The highest oil prices on record are helping Charles Ober, manager of the T. Rowe Price New Era Fund, beat the Standard & Poor's 500-stock index for a sixth straight year.

"Commodity prices will remain strong" because companies haven't invested enough to keep up with demand, the 54-year-old money manager said in a telephone interview from his Baltimore office. "Producers with low-cost resources and expansion potential will perform well."

The $1.6 billion fund, which is required to put at least two-thirds of its assets in natural resource companies, returned an average of 8.2 percent annually the past five years, versus a 2.8 percent loss for the S&P 500. A $10,000 investment would have grown to $14,871.

New Era ranks 10th of the 24 natural resources funds tracked by Bloomberg over that period. State Street Research Global Resources Fund ranked first, with a 24 percent annual return. This year, the T. Rowe Price fund is up 7.3 percent as the S&P 500 has fallen 1.5 percent.

Ober said his optimism for energy-related shares stems from companies' inability to keep up with demand. The oil industry failed to spend enough developing new production because executives weren't predicting high enough prices to justify the investment, he said.

Companies such as Murphy Oil Corp. and Baker Hughes Inc. will outpace the market over the next 18 to 24 months, Ober said. Crude oil futures prices will remain high enough to sustain earnings, even though they may retreat after a 45 percent surge this year to records, he said.

"We are now at the lowest point, in my memory, in spare capacity," said Ober, who started his career as an analyst at Morgan Guaranty Trust in 1975 and has managed the New Era fund since 1997.

That means companies belatedly will have to boost spending to produce more crude, benefiting Baker Hughes, the world's third-largest oil field services company, he said. The Houston company is the fund's seventh-biggest holding. The stock closed at $39.35 on Friday.

Ober thinks another reason companies haven't made bigger investments in new production is that the managers are no longer "wildcatters" who are eager to mine or drill, but financial managers who rose in stature when commodity prices, and company profits, were lower.

"Nobody believes in $40 oil; very few believe in $30," said Ober, who expects the price to settle in the low $30s or possibly the high $20s should turmoil in oil-producing countries such as Iraq subside.

Qatar's OPEC governor, Abdullah H. Salatt, said the Organization of Petroleum Exporting Countries is pumping as much oil as possible.

From 1985 through 2002, oil prices averaged about $20 a barrel. Crude oil futures closed at a record $48.70 Thursday in New York. Purnomo Yusgiantoro, Indonesia's energy minister and president of OPEC, said last week that oil may fall to $30 a barrel next year as concerns about supply disruptions in Iraq, Russia and Venezuela ease.

Meeting with executives helps Ober assess how they make decisions and allocate capital, the fund manager said. He holds 92 stocks in the fund.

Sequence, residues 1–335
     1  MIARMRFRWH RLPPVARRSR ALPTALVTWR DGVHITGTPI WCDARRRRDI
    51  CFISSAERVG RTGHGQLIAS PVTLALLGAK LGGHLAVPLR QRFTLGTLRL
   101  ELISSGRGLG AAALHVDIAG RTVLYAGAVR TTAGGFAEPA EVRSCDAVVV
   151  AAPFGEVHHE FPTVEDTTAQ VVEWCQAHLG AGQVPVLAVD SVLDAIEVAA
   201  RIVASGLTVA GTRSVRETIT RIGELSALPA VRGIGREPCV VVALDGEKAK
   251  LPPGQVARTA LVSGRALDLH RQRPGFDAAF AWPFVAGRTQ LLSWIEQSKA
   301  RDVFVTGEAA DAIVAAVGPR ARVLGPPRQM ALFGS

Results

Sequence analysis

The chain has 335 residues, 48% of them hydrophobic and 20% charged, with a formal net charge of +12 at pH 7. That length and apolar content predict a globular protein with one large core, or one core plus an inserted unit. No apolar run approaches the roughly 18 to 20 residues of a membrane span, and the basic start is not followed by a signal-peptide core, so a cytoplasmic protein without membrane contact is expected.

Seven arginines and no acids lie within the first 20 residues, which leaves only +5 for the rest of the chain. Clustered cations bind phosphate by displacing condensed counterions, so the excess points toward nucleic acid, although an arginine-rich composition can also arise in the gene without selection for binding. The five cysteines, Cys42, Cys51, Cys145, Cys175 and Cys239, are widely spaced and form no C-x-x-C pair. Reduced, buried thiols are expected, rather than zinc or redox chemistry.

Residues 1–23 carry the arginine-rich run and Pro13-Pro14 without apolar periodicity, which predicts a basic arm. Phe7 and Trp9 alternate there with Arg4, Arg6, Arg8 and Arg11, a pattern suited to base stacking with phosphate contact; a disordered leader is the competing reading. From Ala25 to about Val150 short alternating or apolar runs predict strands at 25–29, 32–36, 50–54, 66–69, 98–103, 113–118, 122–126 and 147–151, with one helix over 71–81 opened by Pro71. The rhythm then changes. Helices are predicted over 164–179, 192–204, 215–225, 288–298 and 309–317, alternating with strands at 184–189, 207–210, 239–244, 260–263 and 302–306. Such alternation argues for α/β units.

Murphy Oil will thrive partly because of chief executive Claiborne P. Deming's skill at investing in exploration and buying properties at times when other oil companies aren't interested, Ober said.

He cited Murphy's investment in Syncrude Canada Ltd., the largest oil-sands miner, in 1993 when crude oil futures averaged about $18.50 a barrel. Shares of Murphy, based in El Dorado, Ark., have returned 184 percent over the past five years, fourth-best among 23 energy stocks in the S&P MidCap 400. The stock closed at $71.80 per share on Friday.

T. Rowe Price New Era Fund is Ober's fourth- or fifth-biggest personal investment. "I don't think it should be anyone's No. 1 investment," he said, because the fund isn't diversified among industries and its value reflects changes in commodity prices, which company executives can't control.

The fund had more than 94 percent of assets as of June 30 in companies that own, develop, refine or transport oil and other raw materials. The S&P 500, designed to reflect the U.S. economy, gets less than 10 percent of its value from energy and raw-material stocks.

Ober's biggest personal investment is in shares of his employer, T. Rowe Price Group Inc.

According to Ober, New Era is worth owning along with stock and bond funds because the fund's assets tend to hold their value when inflation increases, offsetting declines in bonds and some stocks. "It is a good inflation hedge," said Ober, who said he expects inflation to rise over the next three to five years.

The consumer price index increased 3 percent in the past year. That's more than the 2.4 percent average over the past 10 years. Consumer prices fell 0.1 percent in July, a government report showed last week.

Newmont Mining Corp., the world's largest gold producer, is the fund's biggest investment at about 3 percent of assets. "Gold is going to go up," he said, as inflation rises and the U.S. dollar weakens.

Gold futures in New York have fallen 2.8 percent this year after reaching a 15-year high of $433 an ounce on April 1.

The fund has about 25 percent of its assets invested outside the United States. Ober said he plans to visit Libya and Egypt in the fourth quarter with managers of Eni SpA, Europe's fourth-biggest oil company.

T. Rowe Price New Era holds stocks for an average of four to five years. The fund's annual expenses of $7 per $1,000 of assets are less than half the average of similar funds tracked by Bloomberg.